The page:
The US organic research institute, a pioneer in this field, is opening a series of regional resource centers to address challenges and barriers to specific to organic feed, crop and livestock production in different parts of the country, said Andrew Smith, chief scientist with the institute. The sites will support regionally-focused research into improving organic production.
"Organic [agriculture] is 1% of the farm base in the US and 14% or more of the marketplace and growing much faster than the land is transitioning to organic," he said. "I do think that, in three years, we could see significant impact or significant changes in those areas [with new resource centers] and looking 10 or 20 years out, it wouldn’t be incomprehensible to see drastic changes."
The institute was there at the start of the US organic movement and maintains the longest running trial focused on comparing organic and conventional production in North America. The Pennsylvania-based nonprofit looks to support organic production using “solutions-based research,” education and training. It seeks to help farmers transition to organic production along with researching organic farming methods and their effects.
It promotes regenerative organic farming, which involves several facets including no use of synthetic chemicals, improving the use of cover crops and crop rotations, growing crop diversity and minimizing soil disruption through practices like tillage, said Smith. “Right there is where most of the research in organic agriculture has stopped.”
Integration of livestock and feed crops
A new midwestern facility is located in Marion, Iowa and is intended to support further research into feed crop and vegetable production, but will also support work looking at the integration of livestock and feed crops, he said.
Previously, feed crop and livestock production were not as separated as they are now; however, by 1996 only about 10% of farms integrated livestock and crop production, according to institute information. But the practice is regaining attention following work done on ley farming in other countries including New Zealand and Australia. In that setup, multiple years of grain crop growth are followed by several years of grazed grass and legume pasture as a way to restore soil and boost energy output, the institute reported.
In Iowa, the facility is set to focus on organic feed crop production along with the integration of crops and livestock production, said Smith.
Although producers in Iowa, and other parts of the Midwest, raise feed crops like corn and soybeans and produce livestock, the two activities tend to be separated, he said. “The biggest barrier to integrating livestock right now is the infrastructure.”
Organic feed can be one of the largest costs for organic livestock producers, Smith said. However, farms in the Midwest could be large enough to generate the amount of feed needed and, by integrating livestock production with crops, might be able to use animal manure to improve soil fertility.
The region has the potential to allow for research trials where livestock production is paired with a typical corn-soybean crop rotation, he said.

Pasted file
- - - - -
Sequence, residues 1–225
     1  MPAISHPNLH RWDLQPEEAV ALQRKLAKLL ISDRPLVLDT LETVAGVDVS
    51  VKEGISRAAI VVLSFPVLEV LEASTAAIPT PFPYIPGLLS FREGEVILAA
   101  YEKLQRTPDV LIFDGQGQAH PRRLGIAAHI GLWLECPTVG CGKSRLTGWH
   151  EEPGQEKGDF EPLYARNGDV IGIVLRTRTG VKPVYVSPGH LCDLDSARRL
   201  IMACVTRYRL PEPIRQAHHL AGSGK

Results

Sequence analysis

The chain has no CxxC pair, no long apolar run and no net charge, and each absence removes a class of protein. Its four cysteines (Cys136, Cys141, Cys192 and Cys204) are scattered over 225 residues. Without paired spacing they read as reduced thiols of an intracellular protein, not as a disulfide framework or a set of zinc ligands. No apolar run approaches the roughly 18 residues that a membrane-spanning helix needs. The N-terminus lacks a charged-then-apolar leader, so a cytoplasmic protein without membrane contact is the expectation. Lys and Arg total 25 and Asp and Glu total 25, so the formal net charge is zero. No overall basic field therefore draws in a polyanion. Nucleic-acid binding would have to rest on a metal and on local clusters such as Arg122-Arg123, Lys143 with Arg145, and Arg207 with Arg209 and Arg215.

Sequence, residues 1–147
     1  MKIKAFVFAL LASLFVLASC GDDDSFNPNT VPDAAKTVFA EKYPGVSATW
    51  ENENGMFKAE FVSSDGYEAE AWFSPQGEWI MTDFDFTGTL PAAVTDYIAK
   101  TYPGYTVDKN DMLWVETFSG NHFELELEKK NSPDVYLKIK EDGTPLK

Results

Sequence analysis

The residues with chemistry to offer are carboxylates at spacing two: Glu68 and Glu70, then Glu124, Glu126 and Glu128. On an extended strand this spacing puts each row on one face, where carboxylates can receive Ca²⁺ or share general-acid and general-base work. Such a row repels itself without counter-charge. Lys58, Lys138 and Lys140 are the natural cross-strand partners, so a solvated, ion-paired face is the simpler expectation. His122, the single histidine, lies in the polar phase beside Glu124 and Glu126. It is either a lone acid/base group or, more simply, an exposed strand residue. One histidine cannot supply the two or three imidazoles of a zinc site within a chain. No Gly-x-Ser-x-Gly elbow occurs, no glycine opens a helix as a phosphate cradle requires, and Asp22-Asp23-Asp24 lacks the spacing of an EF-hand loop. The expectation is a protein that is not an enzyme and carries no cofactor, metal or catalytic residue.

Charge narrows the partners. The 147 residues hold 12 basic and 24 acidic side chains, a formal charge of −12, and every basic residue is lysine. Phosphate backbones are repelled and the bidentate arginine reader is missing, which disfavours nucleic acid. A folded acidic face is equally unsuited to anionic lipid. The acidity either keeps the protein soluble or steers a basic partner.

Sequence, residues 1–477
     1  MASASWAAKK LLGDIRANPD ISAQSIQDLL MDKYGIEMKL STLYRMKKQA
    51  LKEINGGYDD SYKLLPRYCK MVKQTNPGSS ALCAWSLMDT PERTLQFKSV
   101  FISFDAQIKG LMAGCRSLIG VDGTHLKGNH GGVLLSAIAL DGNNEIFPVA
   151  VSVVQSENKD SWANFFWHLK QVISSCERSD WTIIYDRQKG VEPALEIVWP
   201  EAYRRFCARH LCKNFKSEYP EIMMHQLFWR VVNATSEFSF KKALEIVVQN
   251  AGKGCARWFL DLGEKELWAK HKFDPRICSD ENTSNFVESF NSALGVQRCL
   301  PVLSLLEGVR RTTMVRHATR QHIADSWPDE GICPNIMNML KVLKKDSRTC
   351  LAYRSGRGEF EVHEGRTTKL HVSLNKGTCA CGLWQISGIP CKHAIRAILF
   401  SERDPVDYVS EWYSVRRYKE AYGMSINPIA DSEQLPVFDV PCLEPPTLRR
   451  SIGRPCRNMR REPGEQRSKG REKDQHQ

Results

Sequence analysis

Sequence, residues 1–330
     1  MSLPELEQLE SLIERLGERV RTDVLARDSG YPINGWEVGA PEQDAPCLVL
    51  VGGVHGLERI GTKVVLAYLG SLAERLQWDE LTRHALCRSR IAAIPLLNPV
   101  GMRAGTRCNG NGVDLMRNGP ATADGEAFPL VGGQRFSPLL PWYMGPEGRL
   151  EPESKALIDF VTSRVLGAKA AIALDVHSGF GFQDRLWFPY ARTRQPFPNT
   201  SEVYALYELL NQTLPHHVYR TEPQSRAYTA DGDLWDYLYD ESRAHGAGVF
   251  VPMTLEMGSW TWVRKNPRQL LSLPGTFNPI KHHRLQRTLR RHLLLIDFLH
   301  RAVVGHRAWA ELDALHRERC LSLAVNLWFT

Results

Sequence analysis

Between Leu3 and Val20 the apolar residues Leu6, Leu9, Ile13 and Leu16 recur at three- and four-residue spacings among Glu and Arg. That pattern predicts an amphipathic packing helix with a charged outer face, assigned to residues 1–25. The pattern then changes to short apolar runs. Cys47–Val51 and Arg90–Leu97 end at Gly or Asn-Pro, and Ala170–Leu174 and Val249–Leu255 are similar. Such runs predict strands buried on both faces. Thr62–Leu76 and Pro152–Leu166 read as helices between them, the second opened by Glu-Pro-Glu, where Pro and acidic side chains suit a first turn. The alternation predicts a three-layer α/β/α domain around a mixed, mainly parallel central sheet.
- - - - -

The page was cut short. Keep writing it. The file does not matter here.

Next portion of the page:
Focusing on regional organic production
In addition to the facility in Iowa, regional resource centers are being planned in Chattahoochee Hills, Georgia and Ventura, California.
“These are research and education centers that would carry the message and conduct research similar to what Rodale does in Pennsylvania but also to reach a broader audience and ... to be specific to a region,” Smith said of the new locations.
Feed grain and agricultural producers tend to be skeptical and when the institute has published or presented research there has been an element of “You can do that in Pennsylvania, or you can do that in a temperate region, but you can’t do that down in the South, or in a tropical region or you can’t do it over here because it’s more arid,” he added.
By having research and demonstration facilities in different regions, it starts to “nibble away” at some of the excuses presented, said Smith. “You show people that it can be done in their area.”
“We recognize that every region of the country and every part of the world, has differences whether it’s weather, whether it’s people or climate or culture,” he said. “We want to meet those people where they are, in their situation and design regenerative organic systems that meet the needs of those farmers.”
Another impetus for the regional expansion is that organic research and education tend to generate organic hotspots, which have been linked to improved regional economics, he said. “By putting some research and education there we think we can create a hotspot over time,” he added.
Once locations are selected for the new regional centers, hiring begins, said Smith. “The first goal is to get the right people in place, which takes several months to half a year, and then the next goal is to gather all the information about the area and the region and bring all the players together,” he added.
At the new facility in Iowa, a research scientist has already been brought on board, who then takes over the process of finding additional employees for the location and starting to address the scientific work that will be done, he said.
“It’s close to a year by the time we announce it until we actually have something tangible to see, and close to two to three years … before we’d have any tangible results from research projects – but it doesn’t mean that, after year two, we couldn’t start to have demonstrations or educational events centered around the farm,” Smith said. “In agricultural field science, one year of results is generally not considered enough, because one year is a good year, the next is dry, the next it rains too much – three years is a minimum to be able to have good results and planning.”